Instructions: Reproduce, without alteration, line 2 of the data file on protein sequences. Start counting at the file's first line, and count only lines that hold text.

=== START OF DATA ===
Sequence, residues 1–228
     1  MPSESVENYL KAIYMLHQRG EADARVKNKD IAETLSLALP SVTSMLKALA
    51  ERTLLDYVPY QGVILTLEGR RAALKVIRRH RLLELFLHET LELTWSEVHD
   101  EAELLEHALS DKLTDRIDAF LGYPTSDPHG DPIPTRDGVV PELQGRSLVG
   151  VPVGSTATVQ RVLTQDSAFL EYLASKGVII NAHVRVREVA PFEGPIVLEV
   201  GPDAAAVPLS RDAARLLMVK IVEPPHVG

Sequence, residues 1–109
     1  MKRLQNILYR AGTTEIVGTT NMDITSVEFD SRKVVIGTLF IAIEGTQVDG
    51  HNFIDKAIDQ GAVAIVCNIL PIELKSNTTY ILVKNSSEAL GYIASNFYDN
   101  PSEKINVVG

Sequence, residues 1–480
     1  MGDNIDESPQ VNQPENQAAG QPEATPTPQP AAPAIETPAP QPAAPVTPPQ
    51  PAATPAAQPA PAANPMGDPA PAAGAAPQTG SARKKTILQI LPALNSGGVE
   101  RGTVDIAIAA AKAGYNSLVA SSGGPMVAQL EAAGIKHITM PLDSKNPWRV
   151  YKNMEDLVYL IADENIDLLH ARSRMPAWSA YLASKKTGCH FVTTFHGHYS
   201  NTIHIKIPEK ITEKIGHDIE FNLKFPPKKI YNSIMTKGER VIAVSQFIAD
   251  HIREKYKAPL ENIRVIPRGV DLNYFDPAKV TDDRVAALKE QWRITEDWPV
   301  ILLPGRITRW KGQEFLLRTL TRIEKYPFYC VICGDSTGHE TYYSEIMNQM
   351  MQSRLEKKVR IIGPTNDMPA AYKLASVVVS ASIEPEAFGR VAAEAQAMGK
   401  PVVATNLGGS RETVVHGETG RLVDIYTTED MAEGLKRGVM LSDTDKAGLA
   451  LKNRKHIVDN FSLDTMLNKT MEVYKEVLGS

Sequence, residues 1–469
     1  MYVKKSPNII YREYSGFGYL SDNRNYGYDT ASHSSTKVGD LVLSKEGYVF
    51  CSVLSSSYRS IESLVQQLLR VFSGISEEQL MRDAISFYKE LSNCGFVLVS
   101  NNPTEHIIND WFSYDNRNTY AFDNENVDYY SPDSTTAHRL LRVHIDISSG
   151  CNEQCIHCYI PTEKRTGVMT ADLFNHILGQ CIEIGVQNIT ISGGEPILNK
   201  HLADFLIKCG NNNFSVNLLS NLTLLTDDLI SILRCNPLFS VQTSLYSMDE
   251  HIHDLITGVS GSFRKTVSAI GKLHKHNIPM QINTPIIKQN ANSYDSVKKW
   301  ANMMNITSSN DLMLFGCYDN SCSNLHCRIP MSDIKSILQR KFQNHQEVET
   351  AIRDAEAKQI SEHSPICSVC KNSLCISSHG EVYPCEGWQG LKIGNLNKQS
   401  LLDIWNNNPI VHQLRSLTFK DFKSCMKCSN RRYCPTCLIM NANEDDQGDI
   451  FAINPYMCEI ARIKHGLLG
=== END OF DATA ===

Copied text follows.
     1  MPSESVENYL KAIYMLHQRG EADARVKNKD IAETLSLALP SVTSMLKALA